An Excellent Portrayal of Cricket’s Roving Fandom

Winds behind the Willows: An excellent portrayal of cricket's roving fandom

The greatest lovers of cricket and the connoisseurs of the game are not necessarily the greatest cricketers. Most often we find that the true lovers of the game are those who have played a reasonable amount of cricket but have never attained the great heights to which the great cricketers have. Ranjan Mellawa is one of them, and like me, he started his cricketing career in his father’s coconut grove, but unlike me, his fellow cricketers were his brothers and his friends. Mine were my sisters and my maids.

Playing with the rubber ball and the bat was how most of us started our cricket in Sri Lanka, and Ranjan weaves an interesting tale not only of his own beginnings but also of the beginnings of the game in England, Sri Lanka and how it has spread the world over. Particularly, he talks of how Sri Lanka itself matured over the years, and after a long struggle, gained international status and subsequently built on it to achieve greater heights, by winning the World Cup in 1996.

Ranjan takes us through the early history of Sri Lanka cricket more or less starting with the first World Cup as an Associate Member and the valiant display against the murderous bowling of Thompson and Lillie. Having progressed from tournament to tournament over the years, culminating with the whipping given to the same Australians in 1996.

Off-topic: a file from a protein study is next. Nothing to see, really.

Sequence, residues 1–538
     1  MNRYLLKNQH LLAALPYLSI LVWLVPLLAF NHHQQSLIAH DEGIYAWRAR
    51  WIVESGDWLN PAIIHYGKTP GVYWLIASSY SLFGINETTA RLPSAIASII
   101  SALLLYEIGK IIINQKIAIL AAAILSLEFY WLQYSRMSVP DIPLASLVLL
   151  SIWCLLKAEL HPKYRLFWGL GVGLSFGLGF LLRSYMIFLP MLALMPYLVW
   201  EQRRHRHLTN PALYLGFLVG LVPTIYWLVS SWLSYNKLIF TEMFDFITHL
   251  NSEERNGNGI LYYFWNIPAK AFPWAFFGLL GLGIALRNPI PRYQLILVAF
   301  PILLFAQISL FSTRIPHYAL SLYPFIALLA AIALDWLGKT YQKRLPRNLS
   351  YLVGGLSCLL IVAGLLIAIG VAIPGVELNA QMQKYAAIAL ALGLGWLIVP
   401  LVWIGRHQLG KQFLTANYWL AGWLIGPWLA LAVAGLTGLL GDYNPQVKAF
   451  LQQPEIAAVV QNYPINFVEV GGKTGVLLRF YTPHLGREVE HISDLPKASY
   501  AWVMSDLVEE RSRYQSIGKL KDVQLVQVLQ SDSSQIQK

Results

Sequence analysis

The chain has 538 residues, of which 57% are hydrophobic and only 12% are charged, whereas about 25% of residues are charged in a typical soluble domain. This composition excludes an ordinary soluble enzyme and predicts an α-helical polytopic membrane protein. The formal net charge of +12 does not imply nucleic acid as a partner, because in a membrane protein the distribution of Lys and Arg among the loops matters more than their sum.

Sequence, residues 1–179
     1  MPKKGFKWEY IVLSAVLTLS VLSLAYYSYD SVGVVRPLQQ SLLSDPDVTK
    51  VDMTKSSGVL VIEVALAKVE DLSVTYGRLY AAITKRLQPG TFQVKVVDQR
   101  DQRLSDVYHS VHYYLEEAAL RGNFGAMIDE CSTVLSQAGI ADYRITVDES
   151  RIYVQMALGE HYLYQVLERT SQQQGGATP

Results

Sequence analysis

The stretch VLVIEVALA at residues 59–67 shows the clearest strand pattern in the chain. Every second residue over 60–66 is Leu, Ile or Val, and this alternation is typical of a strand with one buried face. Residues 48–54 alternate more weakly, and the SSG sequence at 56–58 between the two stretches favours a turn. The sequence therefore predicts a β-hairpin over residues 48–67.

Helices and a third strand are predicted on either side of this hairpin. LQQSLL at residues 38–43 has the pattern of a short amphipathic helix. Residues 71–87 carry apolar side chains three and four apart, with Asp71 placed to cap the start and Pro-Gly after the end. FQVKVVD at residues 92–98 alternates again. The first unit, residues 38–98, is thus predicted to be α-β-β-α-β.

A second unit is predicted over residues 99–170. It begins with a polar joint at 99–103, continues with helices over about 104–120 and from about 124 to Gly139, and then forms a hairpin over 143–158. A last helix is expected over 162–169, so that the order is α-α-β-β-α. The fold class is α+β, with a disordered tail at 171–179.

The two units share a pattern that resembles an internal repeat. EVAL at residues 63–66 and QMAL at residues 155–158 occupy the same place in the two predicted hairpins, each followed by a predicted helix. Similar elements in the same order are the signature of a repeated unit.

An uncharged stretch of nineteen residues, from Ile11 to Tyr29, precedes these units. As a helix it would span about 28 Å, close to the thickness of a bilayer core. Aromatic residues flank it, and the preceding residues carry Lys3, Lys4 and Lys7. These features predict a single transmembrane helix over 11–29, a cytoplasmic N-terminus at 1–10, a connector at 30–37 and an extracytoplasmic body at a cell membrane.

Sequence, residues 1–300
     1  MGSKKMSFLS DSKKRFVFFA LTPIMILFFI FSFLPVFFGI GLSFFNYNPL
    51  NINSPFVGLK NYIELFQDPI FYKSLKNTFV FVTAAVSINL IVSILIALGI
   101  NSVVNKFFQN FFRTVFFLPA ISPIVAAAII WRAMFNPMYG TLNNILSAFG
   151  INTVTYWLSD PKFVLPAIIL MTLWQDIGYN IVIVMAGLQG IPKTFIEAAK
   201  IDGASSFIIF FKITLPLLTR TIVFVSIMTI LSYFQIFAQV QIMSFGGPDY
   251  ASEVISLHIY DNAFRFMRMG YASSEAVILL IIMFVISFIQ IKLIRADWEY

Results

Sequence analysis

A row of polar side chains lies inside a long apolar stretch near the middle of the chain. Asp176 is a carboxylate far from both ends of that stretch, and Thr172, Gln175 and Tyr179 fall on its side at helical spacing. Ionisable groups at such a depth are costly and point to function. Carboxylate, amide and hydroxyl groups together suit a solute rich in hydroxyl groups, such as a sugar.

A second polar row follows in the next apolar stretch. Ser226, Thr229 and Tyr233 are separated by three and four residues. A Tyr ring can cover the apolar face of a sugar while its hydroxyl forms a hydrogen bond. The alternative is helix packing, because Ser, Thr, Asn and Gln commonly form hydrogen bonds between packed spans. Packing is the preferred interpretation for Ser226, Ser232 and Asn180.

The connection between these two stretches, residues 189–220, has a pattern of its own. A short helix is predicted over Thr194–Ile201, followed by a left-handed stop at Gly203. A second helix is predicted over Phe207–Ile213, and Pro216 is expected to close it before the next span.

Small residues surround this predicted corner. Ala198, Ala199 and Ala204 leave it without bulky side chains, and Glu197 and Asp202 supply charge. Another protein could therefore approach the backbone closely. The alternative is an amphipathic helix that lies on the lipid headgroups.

He describes very vividly the run-up matches as well as the finals at which he was present and how Sri Lanka turned One-day cricket on its head with the strategic thinking of Whatmore, Mendis and Ranatunga and the clinical implementation by Jayasuriya and Kaluwitharana. They gave One-day cricket a totally different dimension.

In writing this book, one of Ranjan’s greatest assets appears to be his intimate knowledge of the goings-on in cricket administration at Sri Lanka Cricket. No doubt his affable manner and close friendship with the powers that be at various stages of the board’s history, has given him access to a lot of information, which may otherwise have eluded him. However, he has not endeavoured to promote his writing through scandal and invective, but rather has set down in a sober and sedate manner, the facts as he knew them to be. For that, he has to be greatly commended.

Ranjan displays an incisive knowledge and access to the various shenanigans that went on in Sri Lanka cricket over the years including the not so mentionable events, both of thuggery and dishonesty as well.

His vivid description of cricket in Sharjah, the crowds, and the matches make very interesting reading. The description of the Sharjah matches as we have come to know them and the completely different atmosphere and the manner in which they were played, gives an insight into a different aspect of international One-day cricket.

At the Antigua Recreation Ground, Gravy’s dancing on a small platform in front of the Double Decker Stand, was one of the symbols of West Indian cricket in the nineties.

Ever-present at the Antigua Recreation Ground, Gravy’s dancing on a small platform in front of the Double Decker Stand, kitted-up as though going in to bat next, was one of the symbols of West Indian cricket in the nineties. (© Unknown)